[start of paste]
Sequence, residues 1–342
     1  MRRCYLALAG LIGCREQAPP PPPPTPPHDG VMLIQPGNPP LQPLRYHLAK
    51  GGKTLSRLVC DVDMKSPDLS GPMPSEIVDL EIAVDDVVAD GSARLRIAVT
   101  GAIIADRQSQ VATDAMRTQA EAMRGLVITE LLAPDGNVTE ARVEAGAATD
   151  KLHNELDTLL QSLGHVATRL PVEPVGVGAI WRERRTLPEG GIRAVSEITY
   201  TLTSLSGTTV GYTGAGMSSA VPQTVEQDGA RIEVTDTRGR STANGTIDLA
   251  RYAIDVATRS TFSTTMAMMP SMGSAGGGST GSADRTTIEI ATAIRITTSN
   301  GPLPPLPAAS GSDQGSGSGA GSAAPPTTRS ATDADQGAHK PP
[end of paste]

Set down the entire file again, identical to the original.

Sequence, residues 1–342
     1  MRRCYLALAG LIGCREQAPP PPPPTPPHDG VMLIQPGNPP LQPLRYHLAK
    51  GGKTLSRLVC DVDMKSPDLS GPMPSEIVDL EIAVDDVVAD GSARLRIAVT
   101  GAIIADRQSQ VATDAMRTQA EAMRGLVITE LLAPDGNVTE ARVEAGAATD
   151  KLHNELDTLL QSLGHVATRL PVEPVGVGAI WRERRTLPEG GIRAVSEITY
   201  TLTSLSGTTV GYTGAGMSSA VPQTVEQDGA RIEVTDTRGR STANGTIDLA
   251  RYAIDVATRS TFSTTMAMMP SMGSAGGGST GSADRTTIEI ATAIRITTSN
   301  GPLPPLPAAS GSDQGSGSGA GSAAPPTTRS ATDADQGAHK PP